“This is a great family entertainment venue – bring your children. We want everyone to come,” said the senator.

Cablevision, a Sponsor Again

Jeff Clark,  director, government affairs of Cablevision, a major festival sponsor said, “This is our own town. In 1973 Charles Dolan opened Cablevision here. We are in Bethpage now, (another part of the Town of Oyster Bay).” Mr. Clark said he’s worked with Cablevision for 20 years and remembers being at the Cablevision booth at the festival years ago. “I’m proud to be here again and look forward to a great festival,” he said.

Rotary President Jim Fuccio said, the Rotary Club of Oyster Bay started in 1942. Rotary International, of which they are a part has 1.2 million members worldwide, on every continent except Antarctica. He said, “We are committed to ‘Service above self.’ Rotary is happy to give its time to the Oyster Festival and to facilitate other not for profits to fund raise.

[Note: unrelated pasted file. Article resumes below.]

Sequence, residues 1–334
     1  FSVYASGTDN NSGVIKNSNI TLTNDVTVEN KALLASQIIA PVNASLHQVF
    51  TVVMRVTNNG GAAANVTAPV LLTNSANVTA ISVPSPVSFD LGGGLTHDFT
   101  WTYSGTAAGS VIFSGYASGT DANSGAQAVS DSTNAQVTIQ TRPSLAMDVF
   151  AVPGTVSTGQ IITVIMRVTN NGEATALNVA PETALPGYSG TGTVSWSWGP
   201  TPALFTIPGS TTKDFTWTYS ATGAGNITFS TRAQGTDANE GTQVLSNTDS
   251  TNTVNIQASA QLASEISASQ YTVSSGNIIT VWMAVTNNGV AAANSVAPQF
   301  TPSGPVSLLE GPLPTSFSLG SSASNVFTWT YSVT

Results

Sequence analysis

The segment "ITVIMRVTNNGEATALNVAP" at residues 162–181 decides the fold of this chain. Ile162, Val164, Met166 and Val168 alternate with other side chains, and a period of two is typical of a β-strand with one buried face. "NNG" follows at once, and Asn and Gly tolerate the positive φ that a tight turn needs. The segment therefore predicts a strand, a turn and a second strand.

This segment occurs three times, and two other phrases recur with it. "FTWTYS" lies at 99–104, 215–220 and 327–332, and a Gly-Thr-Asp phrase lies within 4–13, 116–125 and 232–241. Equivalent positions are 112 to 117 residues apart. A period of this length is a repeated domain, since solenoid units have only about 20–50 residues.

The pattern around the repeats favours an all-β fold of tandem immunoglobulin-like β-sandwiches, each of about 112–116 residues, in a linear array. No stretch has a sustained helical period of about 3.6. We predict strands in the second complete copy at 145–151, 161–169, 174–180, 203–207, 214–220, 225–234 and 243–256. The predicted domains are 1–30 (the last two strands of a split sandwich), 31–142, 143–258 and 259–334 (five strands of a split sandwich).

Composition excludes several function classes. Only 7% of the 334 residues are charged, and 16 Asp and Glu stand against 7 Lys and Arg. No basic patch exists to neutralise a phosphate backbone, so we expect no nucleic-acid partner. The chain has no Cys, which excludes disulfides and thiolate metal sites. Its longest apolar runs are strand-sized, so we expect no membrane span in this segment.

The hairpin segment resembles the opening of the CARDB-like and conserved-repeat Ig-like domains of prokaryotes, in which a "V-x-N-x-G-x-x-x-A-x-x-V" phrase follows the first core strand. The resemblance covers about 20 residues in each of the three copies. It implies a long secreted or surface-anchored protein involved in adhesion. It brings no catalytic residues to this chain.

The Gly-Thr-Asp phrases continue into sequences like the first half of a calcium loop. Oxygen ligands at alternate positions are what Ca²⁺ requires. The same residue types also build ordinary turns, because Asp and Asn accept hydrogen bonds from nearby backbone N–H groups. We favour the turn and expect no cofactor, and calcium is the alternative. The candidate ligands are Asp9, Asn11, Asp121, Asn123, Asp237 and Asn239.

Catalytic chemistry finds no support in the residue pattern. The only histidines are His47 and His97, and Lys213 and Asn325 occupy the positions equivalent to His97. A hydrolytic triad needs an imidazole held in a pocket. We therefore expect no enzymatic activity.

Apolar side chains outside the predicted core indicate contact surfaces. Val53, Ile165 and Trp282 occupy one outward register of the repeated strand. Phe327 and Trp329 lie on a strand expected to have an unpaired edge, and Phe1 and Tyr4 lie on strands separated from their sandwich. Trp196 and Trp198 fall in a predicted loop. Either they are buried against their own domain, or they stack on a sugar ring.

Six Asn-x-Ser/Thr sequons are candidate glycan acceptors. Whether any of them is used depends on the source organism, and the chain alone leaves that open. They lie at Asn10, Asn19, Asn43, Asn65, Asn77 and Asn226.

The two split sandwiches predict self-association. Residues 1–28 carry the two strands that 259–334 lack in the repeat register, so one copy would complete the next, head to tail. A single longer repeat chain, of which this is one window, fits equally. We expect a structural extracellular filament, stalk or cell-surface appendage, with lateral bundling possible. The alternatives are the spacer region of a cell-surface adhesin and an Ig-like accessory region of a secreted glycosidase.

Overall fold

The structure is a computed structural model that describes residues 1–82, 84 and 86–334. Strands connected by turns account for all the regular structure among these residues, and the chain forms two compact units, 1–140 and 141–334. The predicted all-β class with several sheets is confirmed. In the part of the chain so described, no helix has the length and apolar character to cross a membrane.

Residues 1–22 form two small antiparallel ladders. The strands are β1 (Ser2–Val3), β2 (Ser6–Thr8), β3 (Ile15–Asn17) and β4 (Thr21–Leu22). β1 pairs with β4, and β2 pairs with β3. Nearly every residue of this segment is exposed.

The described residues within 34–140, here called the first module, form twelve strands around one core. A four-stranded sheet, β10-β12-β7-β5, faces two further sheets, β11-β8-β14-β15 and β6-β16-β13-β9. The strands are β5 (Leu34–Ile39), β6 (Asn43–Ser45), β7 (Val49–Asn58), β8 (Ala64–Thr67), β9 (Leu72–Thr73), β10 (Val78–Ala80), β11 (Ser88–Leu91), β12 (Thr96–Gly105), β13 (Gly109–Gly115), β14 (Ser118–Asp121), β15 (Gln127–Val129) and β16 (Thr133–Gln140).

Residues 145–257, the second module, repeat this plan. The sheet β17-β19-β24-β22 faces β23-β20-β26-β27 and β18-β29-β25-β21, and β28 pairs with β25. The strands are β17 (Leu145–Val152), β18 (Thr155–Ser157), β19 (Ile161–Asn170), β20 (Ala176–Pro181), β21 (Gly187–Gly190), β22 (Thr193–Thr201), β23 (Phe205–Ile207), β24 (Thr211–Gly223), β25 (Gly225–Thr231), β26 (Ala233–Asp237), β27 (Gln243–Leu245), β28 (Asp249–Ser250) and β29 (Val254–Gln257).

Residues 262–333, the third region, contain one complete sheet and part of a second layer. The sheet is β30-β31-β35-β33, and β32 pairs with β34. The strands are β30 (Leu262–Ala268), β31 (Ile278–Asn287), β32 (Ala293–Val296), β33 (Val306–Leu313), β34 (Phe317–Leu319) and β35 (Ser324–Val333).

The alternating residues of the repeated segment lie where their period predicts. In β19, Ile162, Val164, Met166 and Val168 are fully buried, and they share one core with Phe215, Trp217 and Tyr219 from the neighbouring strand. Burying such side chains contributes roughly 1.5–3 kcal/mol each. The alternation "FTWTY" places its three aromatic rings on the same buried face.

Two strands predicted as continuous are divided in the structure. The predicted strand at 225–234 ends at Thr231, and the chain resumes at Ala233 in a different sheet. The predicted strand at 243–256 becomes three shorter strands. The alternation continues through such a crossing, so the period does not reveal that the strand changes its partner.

“The Oyster Festival also showcases the natural beauty of the harbor; the hamlet’s restaurants, businesses and art galleries and schools. It also helps other organizations in town.” He listed the work that Rotary has accomplished using the funds earned at the festival and handled through the Oyster Festival Charitable Foundation. They sent eight children to the Theodore Roosevelt Sanctuary summer camp; refurbished seven Rotary benches in town; supported DBSC by lunching there and hosting a spaghetti dinner for seniors; paid the insurance for the B.O.B. program and chaperoned there; invited honor society members to lunch from Oyster Bay High School and St. Dominic’s; gave dictionaries to children in St. Dominic’s, OB-EN School District and Mill Neck Manor; took part in the Wings international service project in Guatemala; gave bookpacks to children; gave $4,000 in scholarships to graduating seniors at OBHS and St. Dom’s; partnered with East Woods School to provide shelter boxes for earthquake victims in Haiti – two boxes provide shelter for 12 people each - for one month; sent 25 students to a leadership conference; donated to the CSAC holiday sharing program; donated to local food programs; gave $5,000 to the Rotary Rides! program which Rotarians Paul Rosen and Gail Speranza hope to sustain,” through the funds gathered at this year’s festival.